What should a good photograph accomplish? In my opinion, a good photograph should make the viewer feel something. It should make the onlooker feel happy, sad, angry, shocked, excited, or curious. That’s exactly what photographer Gustavo Germano’s photographs accomplish. They tell a story, and they tell it with emotion.
In the late 1970s, early 1980s, Argentina had a dictatorship/military-run government. During this 7 year period, over 30,000 people were “disappeared.” Disappeared, meaning kidnapped, tortured and murdered, all for being suspected of plotting against the government of the time. People were disappeared based on rumors, suspicion, and in some cases based on nothing at all. The country still feels the pain of that horrible time in their recent history. Photographer Gustavo Germano captures some of the horror and loss that has been felt by family and friends of the disappeared in his photography series “Ausencias” or “Absences.”
“Ausencias” takes old snapshots that feature friends and family in a normal setting: on vacation at the beach, having a picnic, getting together for a meal at a friend’s house. Germano took the original photograph and then recreated the same scene, but with one important thing missing: the disappeared loved one.
In the first photograph you see two brothers with their girlfriends in 1973. The second shot was taken many years later and you’ll notice that Raul is not present. Germano not only photographs the remaining loved ones, but he also recreates the scene down to the position of each person, facial expressions and body positioning. This creates a very moving image that really demonstrates the absence of the missing person.
Argentina’s military dictatorship ended only 30 years ago. It is a part of history that is still very fresh for most Argentines. As a foreigner, it’s difficult to truly understand what it must have been like to live in Argentina during this time. One of the reasons I found these photographs to be so moving is because they really make you feel the absence of these people. One can’t help thinking of their best friend, their sibling, their child or their parent when looking at the faces of the remaining loved ones.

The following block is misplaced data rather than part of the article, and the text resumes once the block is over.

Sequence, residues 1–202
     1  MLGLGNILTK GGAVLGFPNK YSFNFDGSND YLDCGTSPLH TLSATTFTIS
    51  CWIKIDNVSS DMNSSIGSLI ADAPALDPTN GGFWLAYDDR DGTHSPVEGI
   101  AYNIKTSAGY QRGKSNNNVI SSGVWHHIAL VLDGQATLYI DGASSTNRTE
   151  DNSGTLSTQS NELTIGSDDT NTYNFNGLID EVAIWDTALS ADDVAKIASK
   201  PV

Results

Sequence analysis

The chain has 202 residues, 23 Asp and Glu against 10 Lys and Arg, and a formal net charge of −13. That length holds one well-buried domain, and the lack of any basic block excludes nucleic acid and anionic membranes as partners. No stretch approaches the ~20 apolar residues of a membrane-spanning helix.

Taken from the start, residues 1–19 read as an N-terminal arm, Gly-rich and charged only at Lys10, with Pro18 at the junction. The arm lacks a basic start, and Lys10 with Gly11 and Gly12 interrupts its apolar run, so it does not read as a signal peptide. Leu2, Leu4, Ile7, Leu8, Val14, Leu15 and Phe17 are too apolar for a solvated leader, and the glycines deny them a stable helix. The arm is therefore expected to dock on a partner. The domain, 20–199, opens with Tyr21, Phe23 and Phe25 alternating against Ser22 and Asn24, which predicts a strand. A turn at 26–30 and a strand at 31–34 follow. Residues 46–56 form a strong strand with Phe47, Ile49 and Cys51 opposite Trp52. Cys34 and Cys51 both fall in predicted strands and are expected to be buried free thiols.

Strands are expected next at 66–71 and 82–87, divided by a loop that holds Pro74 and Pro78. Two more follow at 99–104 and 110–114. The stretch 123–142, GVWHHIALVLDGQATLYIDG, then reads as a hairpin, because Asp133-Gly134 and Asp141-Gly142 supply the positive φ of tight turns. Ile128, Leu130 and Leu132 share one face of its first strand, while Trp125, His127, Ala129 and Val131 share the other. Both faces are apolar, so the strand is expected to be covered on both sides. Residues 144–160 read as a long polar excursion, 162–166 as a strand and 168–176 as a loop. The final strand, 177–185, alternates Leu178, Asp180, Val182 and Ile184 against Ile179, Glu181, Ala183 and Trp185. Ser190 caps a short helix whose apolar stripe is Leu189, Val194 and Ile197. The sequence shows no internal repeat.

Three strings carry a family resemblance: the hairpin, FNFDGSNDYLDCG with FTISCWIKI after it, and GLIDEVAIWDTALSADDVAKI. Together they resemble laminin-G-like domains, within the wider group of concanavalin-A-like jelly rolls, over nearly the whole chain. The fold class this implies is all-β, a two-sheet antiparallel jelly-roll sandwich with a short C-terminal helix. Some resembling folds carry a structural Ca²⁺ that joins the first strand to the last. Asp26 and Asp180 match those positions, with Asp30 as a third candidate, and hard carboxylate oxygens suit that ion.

Here Clara Atelman de Fink is pictured with her son in 1974, and then alone in 2006.
Brothers in 1975 and 2006.
A young couple in 1975. Both were disappeared, as you can see from the haunting photo of the empty beach in 2006.
A missing sister.
Laura lost both of her parents to the military dictatorship. Many babies were kidnapped from their mothers during this time and adopted by affluent families who supported the government. There is a strong movement in Argentina to reunite these missing, now adult, children with their surviving family members.
Here Germano is pictured with his brothers. Perhaps the loss of one of his brothers was the original inspiration for this photo series. Either way, his photos represent an important and tragic part of Argentine history. Through his work we get a glimpse of the loss that was experienced during this dark time and is still felt today.